The second instalment in your trusty correspondent’s reflection on the incidents, accidents, milestones and landmarks of 1969 looks at an erudite thinker’s simple premise: be a buddy to yourself.
Born in December 1969 in Switzerland to fabulously wealthy but emotionally distant parents, Alain de Botton spent most of his childhood at exclusive boarding schools in England.
Eventually the bookish de Botton found his way to Cambridge University, where he read History and then Philosophy.
It is in this classic realm where de Botton has found his calling, having written about 15 or so tomes dealing with, related to or riffing on philosophical themes.
These have varied from modern reinterpretations and reframing of the old-school masters, to monographs on travel, architecture and work life.
One might be forgiven for thinking that de Botton turned 50 many years ago. And it’s not simply a long-bald pate that provides this deception, either, but a worldly sagacity and self-possession usually associated with those who have logged time on our planet, read considerably and travelled widely (both of which de Botton has done in spades) as well as made and learned from mistakes.
Truth be told, as the recipient of a considerable trust fund established by his financier father, de Botton need not (for financial reasons, anyway) have bothered with the workaday world.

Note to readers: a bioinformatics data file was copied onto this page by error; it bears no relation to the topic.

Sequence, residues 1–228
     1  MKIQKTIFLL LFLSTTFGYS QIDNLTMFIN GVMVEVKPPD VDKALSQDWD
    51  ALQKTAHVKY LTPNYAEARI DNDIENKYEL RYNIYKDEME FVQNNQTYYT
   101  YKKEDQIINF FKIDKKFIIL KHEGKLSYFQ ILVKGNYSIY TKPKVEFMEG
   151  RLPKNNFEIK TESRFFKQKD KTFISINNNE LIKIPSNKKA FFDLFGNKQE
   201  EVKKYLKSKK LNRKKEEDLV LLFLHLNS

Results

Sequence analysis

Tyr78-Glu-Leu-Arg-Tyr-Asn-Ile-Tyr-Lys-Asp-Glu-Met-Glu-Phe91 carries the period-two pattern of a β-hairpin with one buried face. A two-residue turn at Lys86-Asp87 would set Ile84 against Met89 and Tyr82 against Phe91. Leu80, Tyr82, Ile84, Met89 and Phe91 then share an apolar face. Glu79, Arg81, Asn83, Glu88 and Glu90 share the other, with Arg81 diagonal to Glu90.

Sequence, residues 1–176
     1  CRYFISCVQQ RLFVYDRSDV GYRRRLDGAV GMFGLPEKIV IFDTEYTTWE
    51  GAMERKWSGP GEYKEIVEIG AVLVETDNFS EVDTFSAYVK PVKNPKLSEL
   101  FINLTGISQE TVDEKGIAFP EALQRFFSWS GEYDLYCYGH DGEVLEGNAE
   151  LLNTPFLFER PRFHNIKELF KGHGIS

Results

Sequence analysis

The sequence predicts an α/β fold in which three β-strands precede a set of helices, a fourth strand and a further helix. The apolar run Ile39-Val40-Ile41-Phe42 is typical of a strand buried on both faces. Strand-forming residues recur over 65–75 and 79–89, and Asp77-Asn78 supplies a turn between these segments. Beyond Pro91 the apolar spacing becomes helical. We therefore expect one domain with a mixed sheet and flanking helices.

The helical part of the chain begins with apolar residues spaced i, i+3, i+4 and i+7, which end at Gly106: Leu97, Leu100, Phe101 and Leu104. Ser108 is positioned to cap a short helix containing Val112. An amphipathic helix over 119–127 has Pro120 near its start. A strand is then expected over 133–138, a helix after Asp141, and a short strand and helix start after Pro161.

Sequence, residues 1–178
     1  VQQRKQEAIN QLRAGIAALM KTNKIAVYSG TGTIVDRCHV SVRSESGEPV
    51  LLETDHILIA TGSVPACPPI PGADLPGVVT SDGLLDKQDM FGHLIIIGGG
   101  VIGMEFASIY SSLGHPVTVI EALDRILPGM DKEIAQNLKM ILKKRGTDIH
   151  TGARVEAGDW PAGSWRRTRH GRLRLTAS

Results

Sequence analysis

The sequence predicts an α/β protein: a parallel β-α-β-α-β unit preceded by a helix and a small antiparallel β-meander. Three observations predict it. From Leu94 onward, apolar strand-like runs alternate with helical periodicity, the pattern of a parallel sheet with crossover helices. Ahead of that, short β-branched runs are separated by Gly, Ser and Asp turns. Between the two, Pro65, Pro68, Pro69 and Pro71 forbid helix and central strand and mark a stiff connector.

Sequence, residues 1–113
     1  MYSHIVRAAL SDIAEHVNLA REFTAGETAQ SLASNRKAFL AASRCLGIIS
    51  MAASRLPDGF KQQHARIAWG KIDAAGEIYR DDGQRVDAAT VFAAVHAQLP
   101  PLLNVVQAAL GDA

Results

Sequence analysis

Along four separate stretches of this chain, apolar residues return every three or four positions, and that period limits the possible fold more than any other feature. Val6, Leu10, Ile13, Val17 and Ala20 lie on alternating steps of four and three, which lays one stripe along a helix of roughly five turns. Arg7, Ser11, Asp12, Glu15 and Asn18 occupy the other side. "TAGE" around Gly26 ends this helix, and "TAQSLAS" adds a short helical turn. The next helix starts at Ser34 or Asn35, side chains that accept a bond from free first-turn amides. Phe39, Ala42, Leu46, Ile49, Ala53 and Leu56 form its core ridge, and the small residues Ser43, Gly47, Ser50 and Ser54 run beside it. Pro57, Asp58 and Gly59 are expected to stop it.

Yet a seemingly genuine desire to have a positive influence on his fellow human beings and our “faulty walnuts” as he refers to our brains, has seen de Botton forge a reputation as a provider of eminently sensible advice for improving everyday living and happiness.
For instance, in reply to the question of just how you can forgive yourself for terrible mistakes (and possible move on, having learned from them), de Botton’s answer is that “we need to try to become an imaginary friend to ourselves”.
“This sounds odd, initially, because we naturally imagine a friend as someone else – not as part of our own mind,” de Botton says.*
“But there is value in the concept because we know instinctively how to deploy strategies of wisdom and consolation with our friends that we stubbornly refuse to apply to ourselves.
“If a friend is in trouble, our first impulse is rarely to tell them that they are fundamentally a shithead and a failure. We try to reassure them that they are likeable and that it’s worth investigating what might be done. A good friend likes you pretty much as you are already. Any suggestion they make, or idea they have about how you could change, builds on a background of acceptance. They don’t think there’s anything wrong with giving you a compliment or emphasising your strengths.
“It is ironic – yet hopeful – that we know quite well how to be a better friend to near strangers than we know how to be to ourselves. The hopefulness lies in the fact that we do actually already possess the relevant skills of friendship. It’s just we haven’t as yet directed them to the person who probably needs them most – namely, of course, ourselves.”
*Quote from The Kinfolk Entrepreneur, edited by Nathan Williams